Karen Noye, mortgage expert at Quilter, commented: "The UK housing market is currently navigating through a phase of cautious recovery, a period characterised by moderated growth and as shown this morning the occasional drop in prices. The early surge in price increases seen at the start of the year is now showing signs that it was not as robust as once hoped, indicative of a market adjusting to significant economic pressures. However, a spring surge as a result of a revived buyer confidence may help house prices to increase at pace again.

"The dynamics of the mortgage market have played a pivotal role in shaping the current state of the property market. Initial cuts in mortgage rates sparked a renewed interest among potential buyers and movers, who had previously adopted a wait-and-see approach due to the financial uncertainties of 2023. However, the subsequent slowdown in rate reductions by lenders has served to keep property price rises in check.

"Looking ahead, the anticipation surrounding the Bank of England's monetary policy decisions will have its own like positive impact on the market. With expectations leaning towards a reduction in interest rates in the not-too-distant future, there's a sense of optimism about the market's direction. However, this should be tempered by the fact that the market is incredibly sensitive to broader economic indicators and one hiccup can cause a significant downward reaction.

"The interplay between mortgage rates, economic policies, and buyer sentiment is shaping a landscape where stability is the desire right now and if we can get some semblance of that house prices are likely to start to increase again in line with demand."

Jonathan Hopper, CEO of Garrington Property Finders, added: “Rather than accelerating away into another boom, changing market conditions have applied a slight dab on the brakes to house prices.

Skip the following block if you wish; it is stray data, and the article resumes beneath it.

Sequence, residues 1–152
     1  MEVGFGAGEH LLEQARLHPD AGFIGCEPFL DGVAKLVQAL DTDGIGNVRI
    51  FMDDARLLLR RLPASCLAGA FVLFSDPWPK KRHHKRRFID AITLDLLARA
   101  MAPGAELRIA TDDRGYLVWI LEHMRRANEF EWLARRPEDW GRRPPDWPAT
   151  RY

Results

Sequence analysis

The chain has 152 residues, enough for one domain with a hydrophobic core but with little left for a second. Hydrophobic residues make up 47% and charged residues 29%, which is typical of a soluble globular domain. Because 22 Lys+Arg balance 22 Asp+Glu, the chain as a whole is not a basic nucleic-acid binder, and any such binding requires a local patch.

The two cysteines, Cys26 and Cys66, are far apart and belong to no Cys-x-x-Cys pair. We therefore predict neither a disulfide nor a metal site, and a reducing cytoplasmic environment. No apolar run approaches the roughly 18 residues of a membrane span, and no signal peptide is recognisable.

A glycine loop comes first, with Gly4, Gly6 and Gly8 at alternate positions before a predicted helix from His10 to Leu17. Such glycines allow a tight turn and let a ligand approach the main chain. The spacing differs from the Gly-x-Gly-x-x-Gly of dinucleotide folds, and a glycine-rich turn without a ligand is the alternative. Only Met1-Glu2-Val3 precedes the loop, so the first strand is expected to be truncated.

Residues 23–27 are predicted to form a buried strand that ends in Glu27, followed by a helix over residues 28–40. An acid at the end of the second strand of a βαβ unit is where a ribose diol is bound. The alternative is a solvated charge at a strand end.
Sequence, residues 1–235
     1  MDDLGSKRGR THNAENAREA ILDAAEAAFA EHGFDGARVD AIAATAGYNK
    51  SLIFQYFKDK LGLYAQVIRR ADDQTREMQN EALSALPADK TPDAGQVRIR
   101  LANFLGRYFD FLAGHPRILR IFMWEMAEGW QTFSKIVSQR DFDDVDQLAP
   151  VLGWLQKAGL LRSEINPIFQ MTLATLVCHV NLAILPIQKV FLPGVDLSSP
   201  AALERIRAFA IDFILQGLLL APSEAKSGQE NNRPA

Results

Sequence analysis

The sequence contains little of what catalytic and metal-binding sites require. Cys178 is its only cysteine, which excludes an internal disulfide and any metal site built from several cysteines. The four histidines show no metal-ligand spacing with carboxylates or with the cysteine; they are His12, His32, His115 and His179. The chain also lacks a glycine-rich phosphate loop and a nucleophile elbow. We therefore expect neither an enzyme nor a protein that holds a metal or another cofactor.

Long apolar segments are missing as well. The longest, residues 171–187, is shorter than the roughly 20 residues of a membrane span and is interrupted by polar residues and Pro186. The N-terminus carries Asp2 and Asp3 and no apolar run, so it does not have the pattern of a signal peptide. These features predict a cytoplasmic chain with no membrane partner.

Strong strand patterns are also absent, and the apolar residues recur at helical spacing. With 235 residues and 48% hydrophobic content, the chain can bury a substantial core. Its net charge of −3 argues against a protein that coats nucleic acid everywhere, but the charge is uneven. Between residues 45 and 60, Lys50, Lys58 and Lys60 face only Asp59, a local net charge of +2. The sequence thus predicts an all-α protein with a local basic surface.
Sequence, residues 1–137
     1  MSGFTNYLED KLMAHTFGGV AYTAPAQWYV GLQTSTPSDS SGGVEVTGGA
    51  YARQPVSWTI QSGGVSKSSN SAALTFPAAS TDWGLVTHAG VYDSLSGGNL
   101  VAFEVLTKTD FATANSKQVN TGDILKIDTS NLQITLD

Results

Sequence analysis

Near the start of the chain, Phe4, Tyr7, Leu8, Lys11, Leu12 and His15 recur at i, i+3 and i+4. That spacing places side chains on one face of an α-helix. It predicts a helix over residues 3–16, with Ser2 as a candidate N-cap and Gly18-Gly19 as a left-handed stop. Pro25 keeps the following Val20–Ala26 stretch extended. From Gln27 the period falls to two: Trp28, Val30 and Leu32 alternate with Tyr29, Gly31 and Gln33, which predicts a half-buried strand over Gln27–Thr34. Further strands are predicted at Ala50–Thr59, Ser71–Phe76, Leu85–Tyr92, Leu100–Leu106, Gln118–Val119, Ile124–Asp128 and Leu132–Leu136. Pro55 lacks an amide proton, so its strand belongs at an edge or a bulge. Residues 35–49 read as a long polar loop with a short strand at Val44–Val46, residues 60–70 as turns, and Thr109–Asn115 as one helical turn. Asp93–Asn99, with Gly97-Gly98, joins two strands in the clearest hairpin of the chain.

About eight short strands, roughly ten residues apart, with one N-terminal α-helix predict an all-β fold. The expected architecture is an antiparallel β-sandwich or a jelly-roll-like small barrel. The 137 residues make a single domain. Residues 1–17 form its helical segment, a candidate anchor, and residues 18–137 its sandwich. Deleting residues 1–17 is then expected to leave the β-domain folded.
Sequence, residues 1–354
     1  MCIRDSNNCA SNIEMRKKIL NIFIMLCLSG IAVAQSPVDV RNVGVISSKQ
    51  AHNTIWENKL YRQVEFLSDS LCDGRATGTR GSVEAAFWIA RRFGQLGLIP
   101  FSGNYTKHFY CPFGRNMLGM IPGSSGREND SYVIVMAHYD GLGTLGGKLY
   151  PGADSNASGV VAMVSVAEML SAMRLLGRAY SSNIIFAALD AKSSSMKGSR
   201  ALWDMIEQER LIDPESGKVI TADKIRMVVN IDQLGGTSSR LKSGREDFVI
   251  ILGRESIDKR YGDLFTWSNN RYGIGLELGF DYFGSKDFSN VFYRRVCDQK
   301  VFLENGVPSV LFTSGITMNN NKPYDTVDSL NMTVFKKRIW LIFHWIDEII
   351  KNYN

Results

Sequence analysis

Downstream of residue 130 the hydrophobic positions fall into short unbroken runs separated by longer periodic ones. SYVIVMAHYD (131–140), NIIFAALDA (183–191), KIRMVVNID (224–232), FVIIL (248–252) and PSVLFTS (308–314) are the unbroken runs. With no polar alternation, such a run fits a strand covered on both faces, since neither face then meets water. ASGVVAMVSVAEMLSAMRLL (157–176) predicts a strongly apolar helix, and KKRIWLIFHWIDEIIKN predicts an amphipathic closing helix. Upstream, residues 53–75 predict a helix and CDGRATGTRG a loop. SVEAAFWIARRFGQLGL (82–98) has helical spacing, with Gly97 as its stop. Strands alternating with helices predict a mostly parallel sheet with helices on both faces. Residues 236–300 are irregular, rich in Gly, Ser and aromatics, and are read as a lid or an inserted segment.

“Two things are behind March’s 1% dip in average prices – a jump in the number of homes for sale and the plateauing cost of borrowing.

“In some areas the number of homes coming onto the market is four times higher than the number of new buyers registering with estate agents – and this surge in supply is holding back prices.

“Gone too is the flurry of cheaper mortgage deals announced in the early weeks of the year that kick-started the market and sent property prices notching up.
“Instead mortgage rates are now holding broadly steady, and we’re unlikely to see lenders cutting rates significantly again until after the Bank of England confirms it is ready to unwind its tight monetary policy.

“As a result, all buyers remain highly price-sensitive and affordability is still a major hurdle for many would-be first-time-buyers. For them, the sums simply don’t add up yet - even though homes are cheaper in many parts of the country than they were a couple of years ago, borrowing the money needed to buy them costs much more.

“That’s why we’re seeing prices rise fastest in regions where affordability is better. Average prices jumped by 3.7% in the North West, but dropped by 0.9% in Eastern England in the 12 months to March.

“At a national level, the news is good. The number of mortgages approved in February climbed to a 17-month high, as buyers who sat out 2023 return to the market, and as more stock comes onto the market things are becoming much more free-flowing.

“Regional differences in prices are throwing up some strong buying opportunities, but across the UK as a whole we’re likely to see price growth meander for the next few months as we wait for mortgage rates to start falling again.”